“To recover from something like this is going to take months and months and months,” said Olivia Thompson, a cancer center nurse. “It feels like we are all alone and no one understands how dire this is.”

On Oct. 23, U.S. officials warned hospitals about a “credible threat” of attacks, which came shortly after several hospital networks, including the Vermont university’s health network and the St. Lawrence County health system in upstate New York, were affected by cyberattacks, the Times reports.

In the interim, the Vermont cancer center only was able to serve one in four of its chemotherapy patients.

“My really good friends are ICU nurses, and they’re like, no big deal, all we have to do is paper-charting,” Colleen Cargill, the charge nurse, told the Times.

“To look someone in the eye, and tell them they cannot have their life-extending or life-saving treatment, it was horrible, and totally heart-wrenching.”

Amazon Sidewalk Customers to Get Automatic Opt-In

Amazon said Friday that its customers automatically will be opted into its Sidewalk feature to launch later this year.

The company said it also would connect its Alexa devices using the service to nearby WiFi networks, even those owned by others, Business Insider reports.

Sidewalk is to use Alexa devices, including Echo and Ring video doorbells, to create a “shared network” that is meant to help “devices work better,” Amazon told device owners by email.

“These Bridge devices share a small portion of your internet bandwidth, which is pooled together to provide these services to you and your neighbors,” Amazon said. “And when more neighbors participate, the network becomes even stronger.”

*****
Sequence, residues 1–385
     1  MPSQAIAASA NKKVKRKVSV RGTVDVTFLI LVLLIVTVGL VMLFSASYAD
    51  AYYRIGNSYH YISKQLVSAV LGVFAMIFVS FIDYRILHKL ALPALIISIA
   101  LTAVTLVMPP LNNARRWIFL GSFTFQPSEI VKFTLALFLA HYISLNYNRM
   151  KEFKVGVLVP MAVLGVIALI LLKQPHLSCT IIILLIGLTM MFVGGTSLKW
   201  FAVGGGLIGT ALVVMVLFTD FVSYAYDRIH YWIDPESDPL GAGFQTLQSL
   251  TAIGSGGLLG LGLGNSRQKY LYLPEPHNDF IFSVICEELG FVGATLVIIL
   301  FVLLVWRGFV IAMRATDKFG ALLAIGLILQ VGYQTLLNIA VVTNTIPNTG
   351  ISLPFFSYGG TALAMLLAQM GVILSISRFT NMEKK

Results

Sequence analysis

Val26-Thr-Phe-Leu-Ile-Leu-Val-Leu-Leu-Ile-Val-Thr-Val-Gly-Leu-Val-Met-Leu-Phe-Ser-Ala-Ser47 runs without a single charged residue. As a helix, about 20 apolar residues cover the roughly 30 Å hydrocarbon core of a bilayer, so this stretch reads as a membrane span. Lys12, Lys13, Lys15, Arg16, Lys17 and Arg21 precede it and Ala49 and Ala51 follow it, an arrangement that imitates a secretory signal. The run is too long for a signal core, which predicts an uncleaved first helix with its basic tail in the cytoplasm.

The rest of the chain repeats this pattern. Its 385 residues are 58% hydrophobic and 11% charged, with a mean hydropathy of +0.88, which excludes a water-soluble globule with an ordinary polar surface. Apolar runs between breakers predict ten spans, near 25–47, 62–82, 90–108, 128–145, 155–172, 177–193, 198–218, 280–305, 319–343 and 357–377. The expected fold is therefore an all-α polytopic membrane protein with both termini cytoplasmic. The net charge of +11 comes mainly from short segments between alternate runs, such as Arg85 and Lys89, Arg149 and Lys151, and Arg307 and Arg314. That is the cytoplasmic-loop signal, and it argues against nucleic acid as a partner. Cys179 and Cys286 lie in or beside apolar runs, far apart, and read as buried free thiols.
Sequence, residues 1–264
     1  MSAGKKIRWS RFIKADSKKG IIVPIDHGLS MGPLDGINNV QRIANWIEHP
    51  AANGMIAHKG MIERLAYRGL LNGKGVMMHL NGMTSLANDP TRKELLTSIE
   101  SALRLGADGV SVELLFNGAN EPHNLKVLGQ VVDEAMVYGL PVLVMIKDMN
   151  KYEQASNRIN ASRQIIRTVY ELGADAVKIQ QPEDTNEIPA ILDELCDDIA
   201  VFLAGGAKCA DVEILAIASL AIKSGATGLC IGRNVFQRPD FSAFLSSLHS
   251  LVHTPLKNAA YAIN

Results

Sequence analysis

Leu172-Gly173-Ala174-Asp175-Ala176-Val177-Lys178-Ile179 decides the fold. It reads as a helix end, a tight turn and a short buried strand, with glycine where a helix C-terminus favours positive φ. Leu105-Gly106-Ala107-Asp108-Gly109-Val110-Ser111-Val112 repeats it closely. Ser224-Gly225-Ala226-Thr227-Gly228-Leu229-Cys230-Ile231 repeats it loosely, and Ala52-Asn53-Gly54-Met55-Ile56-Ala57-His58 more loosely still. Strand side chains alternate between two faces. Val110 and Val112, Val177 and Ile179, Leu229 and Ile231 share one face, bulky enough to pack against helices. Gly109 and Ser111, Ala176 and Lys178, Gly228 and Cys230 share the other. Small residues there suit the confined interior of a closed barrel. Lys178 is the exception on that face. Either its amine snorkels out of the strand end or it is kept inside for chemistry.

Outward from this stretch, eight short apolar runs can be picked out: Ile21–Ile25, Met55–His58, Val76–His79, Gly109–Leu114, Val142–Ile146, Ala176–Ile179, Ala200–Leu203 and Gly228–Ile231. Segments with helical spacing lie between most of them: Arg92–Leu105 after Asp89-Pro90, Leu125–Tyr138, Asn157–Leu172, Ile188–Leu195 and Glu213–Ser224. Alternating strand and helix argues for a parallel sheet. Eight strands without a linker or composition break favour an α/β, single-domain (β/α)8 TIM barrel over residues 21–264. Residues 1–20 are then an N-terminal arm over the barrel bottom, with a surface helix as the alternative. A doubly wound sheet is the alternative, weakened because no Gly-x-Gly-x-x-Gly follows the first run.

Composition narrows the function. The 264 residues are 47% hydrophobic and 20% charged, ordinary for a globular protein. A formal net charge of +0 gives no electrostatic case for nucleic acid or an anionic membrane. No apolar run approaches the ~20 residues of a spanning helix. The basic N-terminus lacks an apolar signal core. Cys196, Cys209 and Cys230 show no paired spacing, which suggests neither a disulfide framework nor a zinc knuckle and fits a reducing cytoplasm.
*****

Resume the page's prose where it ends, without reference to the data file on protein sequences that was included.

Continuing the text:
That Sidewalk would enable home network access by default has prompted the most serious concerns, Forbes reports.

Jake Moore, cybersecurity expert at ESET, cautioned Amazon users “to really think about the need for such requirements and to err on the side of caution by manually turning it off.

“Amazon has made this a default opt-in feature, which could be a dangerous recipe for disaster, not knowing what these devices are really connected to,” he said.

But an Amazon representative told Business Insider in a statement: “Well before Sidewalk launches, we will notify existing customers with eligible Bridge devices so they can consider the benefits of Sidewalk before deciding if they want to change their preferences.”

Baltimore County Public Schools Cancel Classes After Ransomware Hit

The Baltimore County Public School (BCPS) system in Maryland canceled classes last week after a ransomware attack shut down internal networks Wednesday.

Described by officials as “a networking issue,” the outage affected the schools’ email and grading systems, The Verge reports.

Mychael Dickerson, the district’s chief of staff, confirmed on Twitter that the outage was believed to have resulted from a ransomware attack.

“We were the victim of a ransomware cyberattack,” he said. “Our BCPS technology team is working to address the situation.”

Baltimore County police also have reached out to the FBI, the Verge reports.

But Baltimore County Police Chief Melissa Hyatt declined to be more specific. “We are in the preliminary steps of that investigation,” she told The Baltimore Sun.

No timeline has been set on when school, which is online because of COVID-19, will resume in the county.

By DPN Staff